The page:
}
    
    void main(int argc, char* argv[])
    {
    int rank;
    int size;
    int iterations;
    int count;
    int result;
    
    MPI_Init(&argc, &argv);
    MPI_Comm_rank(MPI_COMM_WORLD,&rank);
    MPI_Comm_size(MPI_COMM_WORLD,&size);
    
    if(rank == 0)
    {
    //Rank 0 reads the number of iterations from the command line.
    //50M iterations is the default.
    iterations = 50000000;
    if(argc > 1)
    {
    iterations = atoi(argv[argc-1]);
    }
    printf("Executing %d iterations on %d nodes.\n", iterations, size);
    fflush(stdout);
    }
    //Broadcast the number of iterations to execute.
    MPI_Bcast(&iterations, 1, MPI_INT, 0, MPI_COMM_WORLD);
    
    count = ThrowDarts(iterations);
    
    //Gather and sum results
    MPI_Reduce(&count, &result, 1, MPI_INT, MPI_SUM, 0, MPI_COMM_WORLD);
    
    if(rank == 0)
    {
    printf("The value of PI is approximated to be: %16f", 4*((double)result/(double)(iterations*size)));
    }
        
    MPI_Barrier(MPI_COMM_WORLD);
    
    MPI_Finalize();
    
    }
    
    
  6. On the File menu, click Save All.

  7. On the Build menu, click Rebuild Solution.

Configure and launch the MPI Cluster Debugger

After building your application, you are ready to configure and launch the debugger. This section describes three options for debugging:

Ee441265.note(en-us,VS.100).gifNote:
In the MPI Cluster Debugger, you cannot start without debugging. Pressing Ctrl+F5 (or Start without debugging on the Debug menu) also starts debugging.

Debug one MPI process on the local computer

To debug on the local computer using only one MPI process, use the same process that you would use to debug any other application. Set a break point at the desired location in your program and press F5 to start the debugger.

MPI programs communicate through IP over ports. The first time you launch an MPI program, you may see a security warning from the firewall that indicates a port is being opened. Read the warning message and ensure that you understand the changes that you are making to your system. You must unblock the firewall to continue debugging on the local computer.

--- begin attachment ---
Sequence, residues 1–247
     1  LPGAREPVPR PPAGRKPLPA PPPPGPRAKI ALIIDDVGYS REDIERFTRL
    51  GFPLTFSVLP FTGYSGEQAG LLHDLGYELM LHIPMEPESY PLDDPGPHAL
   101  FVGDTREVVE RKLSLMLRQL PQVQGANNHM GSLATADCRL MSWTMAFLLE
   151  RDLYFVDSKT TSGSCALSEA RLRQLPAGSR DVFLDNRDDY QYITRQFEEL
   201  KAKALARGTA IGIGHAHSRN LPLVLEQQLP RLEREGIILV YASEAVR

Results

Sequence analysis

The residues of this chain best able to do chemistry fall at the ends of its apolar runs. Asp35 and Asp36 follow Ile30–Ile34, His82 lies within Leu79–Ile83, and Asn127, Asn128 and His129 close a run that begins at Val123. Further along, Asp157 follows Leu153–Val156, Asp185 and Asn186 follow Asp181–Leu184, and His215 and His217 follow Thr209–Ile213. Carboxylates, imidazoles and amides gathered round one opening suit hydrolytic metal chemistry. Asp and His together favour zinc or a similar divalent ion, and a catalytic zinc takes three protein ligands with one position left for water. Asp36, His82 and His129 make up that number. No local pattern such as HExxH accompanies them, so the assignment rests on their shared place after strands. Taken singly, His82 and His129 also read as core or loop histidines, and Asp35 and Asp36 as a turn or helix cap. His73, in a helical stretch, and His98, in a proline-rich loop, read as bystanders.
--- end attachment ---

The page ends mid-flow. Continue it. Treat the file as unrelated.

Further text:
Debug multiple MPI Processes on the local computer

The following procedure describes how to start a local debugging session for ParallelPI.

To start the MPI Cluster Debugger with four MPI processes running on your local computer

  1. In Solution Explorer, right-click Parallel PI, and then click Properties. This opens the Property Pages dialog box.

  2. Expand Configuration Properties, and then select Debugging.

  3. Under Debugger to launch, select MPI Cluster Debugger.

  4. In Run Environment, select Edit Hpc Node from the drop-down list. This opens the Node Selector dialog box.

  5. In the Head Node drop-down list, select localhost.

  6. In Number of processes, select 4.

  7. Click OK to save changes and close the Node Selector dialog box.

  8. ParallelPI accepts one argument that determines the number of iterations to run. The default is set to 50,000,000. For the local debugging session, reduce the iterations to 5,000 as follows:

    In Application Arguments, type 5000.

  9. Click OK to save the changes and close the Property Pages.

  10. Set a breakpoint within the body of the parallel for loop.

  11. Press F5 to launch the debugger.

  12. Five console windows should appear: one cmd.exe window, and four ParallelPI.exe windows (one for each process that you launched). The console window that corresponds to the rank 0 process indicates the number of iterations and the calculated approximation of pi.

  13. On the Debug menu, click Windows, and then click Processes.

  14. Set the active process for debugging by double-clicking a process in the Processes window.

Ee441265.note(en-us,VS.100).gifNote:
When you are debugging multiple processes, by default, a breakpoint affects all processes that are being debugged. To avoid breaking processes in unintended places, deselect the Break all processes when one process breaks option. (In the Tools menu, click Options, then select Debugging). For more information about how to change break behavior, see How to: Break Execution.

Debug one or more MPI processes on a cluster